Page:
Washington, D.C. — The Propane Education and Research Council (PERC) released a review of forklift emission studies that compares the emissions data of propane to compressed natural gas (CNG) or gasoline. The review finds that propane delivers the highest energy efficiencies when compared to other fuel production life cycles.
The review also shows that propane forklifts, when fitted with approved closed loop controls and exhaust catalysts, result in very low emissions that meet and exceed California Air Resource Board Large Spark Ignition (CARB LSI) standards.
"Eighty percent of class 4 and 5 internal combustion forklifts are fueled by propane," said Roy Willis, PERC president. "Yet the forklift market is plagued by reports that are misleading or contain conflicting data on the relative emissions benefits of various fuels. We believe this review sets the record straight; when forklift emissions data is compared accurately, propane delivers the highest efficiencies and remains one of the cleanest fuels available for industrial lift trucks."
Conducted by two independent alternative fuel vehicle (AFV) experts, the review, "Industrial Truck Emission Data Compared by Fuel," examined research findings from seven forklift emissions studies performed between 1990 and 2002. "Testing conditions are an integral part of research studies," said William McGlinchey, one of the review’s authors. "Our review has found that previous research studies often did not use the same fuel delivery system and engine, elements that are crucial for accurate comparative studies."
The authors examined two studies that used Life Cycle Analysis (LCA) emissions models to assess the emissions impact of "upstream" production of a given fuel, and found that propane delivers the highest total energy efficiency relative to other fuels. Regardless of the source of production -- petroleum or natural gas -- propane delivers the highest overall total efficiency rating, 89.3 percent, as compared to compressed natural gas (87.2 percent), conventional gasoline (81.6 percent), reformulated gasoline (82.6 percent), conventional diesel (85.6 percent) or reformulated diesel (83.6 percent).
The LCA emissions model, developed by Argonne National Laboratory, provides estimates rather than specific emissions quantities. However, in the absence of specific emissions quantities, these estimates are the best available indicators of total emissions contributions for fuel production. The model estimates upstream and total fuel cycle energy consumption, greenhouse gases, and emissions for both short-and long-term scenarios. The model describes upstream emissions as the emissions emanating from pre-consumer fuel processing from feedstock to the gas station dispenser.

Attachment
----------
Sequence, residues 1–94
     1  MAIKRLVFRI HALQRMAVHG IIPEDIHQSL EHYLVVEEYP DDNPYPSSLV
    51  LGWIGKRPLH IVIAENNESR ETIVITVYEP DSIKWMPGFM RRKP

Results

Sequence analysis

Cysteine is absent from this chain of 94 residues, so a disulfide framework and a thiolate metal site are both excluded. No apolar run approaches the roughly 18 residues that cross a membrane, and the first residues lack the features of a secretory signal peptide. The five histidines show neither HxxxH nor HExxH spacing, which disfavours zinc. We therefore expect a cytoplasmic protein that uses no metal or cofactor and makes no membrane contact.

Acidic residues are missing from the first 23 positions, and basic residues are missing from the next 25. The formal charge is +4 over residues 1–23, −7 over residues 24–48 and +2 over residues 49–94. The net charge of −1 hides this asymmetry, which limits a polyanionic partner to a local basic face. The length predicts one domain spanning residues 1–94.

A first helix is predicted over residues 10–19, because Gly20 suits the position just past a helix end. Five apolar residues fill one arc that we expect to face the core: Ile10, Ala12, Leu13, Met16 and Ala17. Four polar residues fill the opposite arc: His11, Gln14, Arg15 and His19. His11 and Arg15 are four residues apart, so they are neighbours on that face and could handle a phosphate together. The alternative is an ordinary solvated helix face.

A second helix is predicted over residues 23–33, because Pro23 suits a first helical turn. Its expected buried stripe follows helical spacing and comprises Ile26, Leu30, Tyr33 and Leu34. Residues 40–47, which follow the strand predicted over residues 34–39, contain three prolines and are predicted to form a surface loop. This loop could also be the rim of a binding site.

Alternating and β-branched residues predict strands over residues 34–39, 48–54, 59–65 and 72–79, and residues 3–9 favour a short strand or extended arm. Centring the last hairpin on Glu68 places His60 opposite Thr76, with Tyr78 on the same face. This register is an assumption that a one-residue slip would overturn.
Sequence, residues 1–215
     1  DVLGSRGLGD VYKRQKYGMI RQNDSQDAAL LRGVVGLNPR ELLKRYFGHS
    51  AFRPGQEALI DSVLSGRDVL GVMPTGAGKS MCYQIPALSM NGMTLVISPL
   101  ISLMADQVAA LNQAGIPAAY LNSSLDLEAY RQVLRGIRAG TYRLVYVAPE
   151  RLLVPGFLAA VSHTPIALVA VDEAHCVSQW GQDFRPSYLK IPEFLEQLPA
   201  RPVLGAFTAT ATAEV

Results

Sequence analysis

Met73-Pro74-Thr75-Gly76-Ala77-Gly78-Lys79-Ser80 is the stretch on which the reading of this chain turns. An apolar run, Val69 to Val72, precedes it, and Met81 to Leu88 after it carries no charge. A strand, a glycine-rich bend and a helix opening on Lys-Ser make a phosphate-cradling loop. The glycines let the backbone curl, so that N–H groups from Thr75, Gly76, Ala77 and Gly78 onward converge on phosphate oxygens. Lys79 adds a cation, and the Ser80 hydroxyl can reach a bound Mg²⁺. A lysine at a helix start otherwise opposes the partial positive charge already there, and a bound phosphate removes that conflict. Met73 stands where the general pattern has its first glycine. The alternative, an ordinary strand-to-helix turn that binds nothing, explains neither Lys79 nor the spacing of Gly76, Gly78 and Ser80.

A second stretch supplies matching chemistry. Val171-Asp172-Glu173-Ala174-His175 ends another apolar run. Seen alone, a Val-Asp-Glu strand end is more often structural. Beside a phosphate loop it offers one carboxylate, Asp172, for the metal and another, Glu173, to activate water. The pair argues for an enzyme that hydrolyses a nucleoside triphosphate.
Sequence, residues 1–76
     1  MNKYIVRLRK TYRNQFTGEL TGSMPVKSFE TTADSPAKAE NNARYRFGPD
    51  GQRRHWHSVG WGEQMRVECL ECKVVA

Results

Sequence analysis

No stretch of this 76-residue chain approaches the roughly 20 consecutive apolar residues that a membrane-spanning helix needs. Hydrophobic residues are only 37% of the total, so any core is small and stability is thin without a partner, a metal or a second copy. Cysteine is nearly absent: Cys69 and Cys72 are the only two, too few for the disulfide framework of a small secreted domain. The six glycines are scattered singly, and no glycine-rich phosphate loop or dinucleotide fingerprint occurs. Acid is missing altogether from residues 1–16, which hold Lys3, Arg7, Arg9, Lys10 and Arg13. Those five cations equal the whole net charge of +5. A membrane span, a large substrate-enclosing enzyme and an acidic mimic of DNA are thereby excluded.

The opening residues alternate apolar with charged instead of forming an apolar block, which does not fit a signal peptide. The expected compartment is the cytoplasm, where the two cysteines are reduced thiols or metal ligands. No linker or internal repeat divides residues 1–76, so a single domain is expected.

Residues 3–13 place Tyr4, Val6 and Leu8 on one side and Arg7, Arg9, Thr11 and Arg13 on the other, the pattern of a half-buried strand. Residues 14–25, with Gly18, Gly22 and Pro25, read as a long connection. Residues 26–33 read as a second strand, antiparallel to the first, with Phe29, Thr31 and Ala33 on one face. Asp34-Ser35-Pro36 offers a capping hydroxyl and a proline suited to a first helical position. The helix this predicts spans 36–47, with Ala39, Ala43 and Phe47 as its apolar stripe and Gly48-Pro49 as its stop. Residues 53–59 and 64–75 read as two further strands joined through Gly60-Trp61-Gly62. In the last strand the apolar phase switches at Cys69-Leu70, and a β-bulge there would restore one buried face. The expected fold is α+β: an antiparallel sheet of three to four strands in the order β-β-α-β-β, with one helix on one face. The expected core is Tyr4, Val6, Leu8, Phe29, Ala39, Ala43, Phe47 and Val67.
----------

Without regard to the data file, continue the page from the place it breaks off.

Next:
Propane produces low tailpipe emissions
The review finds that when propane is compared accurately to CNG or gasoline, differences in industrial truck tailpipe emissions are negligible. In addition, the review revealed that:
The most recent substantive comparison of gasoline and propane, a 2002 study conducted by Southwest Research Institute on behalf of CARB, found that emissions results meeting CARB LSI standards for large spark ignited industrial trucks could be obtained using propane and a properly operating control system and exhaust catalyst.
Forklift manufacturers and fuel systems technologies manufacturers that have met current CARB LSI requirements, including Ford Power Products, IMPCO, Jasper, MCFA, Mitsubishi, NACCO, Nissan and Toyota, all used propane fuel systems for the certification. Two manufacturers also certified gasoline engines, but none of these manufacturers chose to certify CNG fuel systems in 2001 or 2002.
Zenith Fuels Systems, Inc., a manufacturer of fuel delivery systems for industrial engine applications, conducted tests using the same fuel system and engine to compare tailpipe emissions. The test found that propane was capable of producing emissions well below CARB regulations.
Maintenance is key to performance
The review emphasizes the role that regular maintenance plays in fuel control system performance and emissions reduction. "Our next step is to support the training and maintenance needs of propane-powered forklift operators," said Willis. "PERC has funded programs to ensure that propane-powered forklift operators receive the support they need to comply with emissions standards and achieve greater return on their investments."
PERC, in its most extensive research project to date, is working with several forklift manufacturers and a private research institution to build and demonstrate the next generation of clean, low emissions forklifts.
For the full report on the study, click here.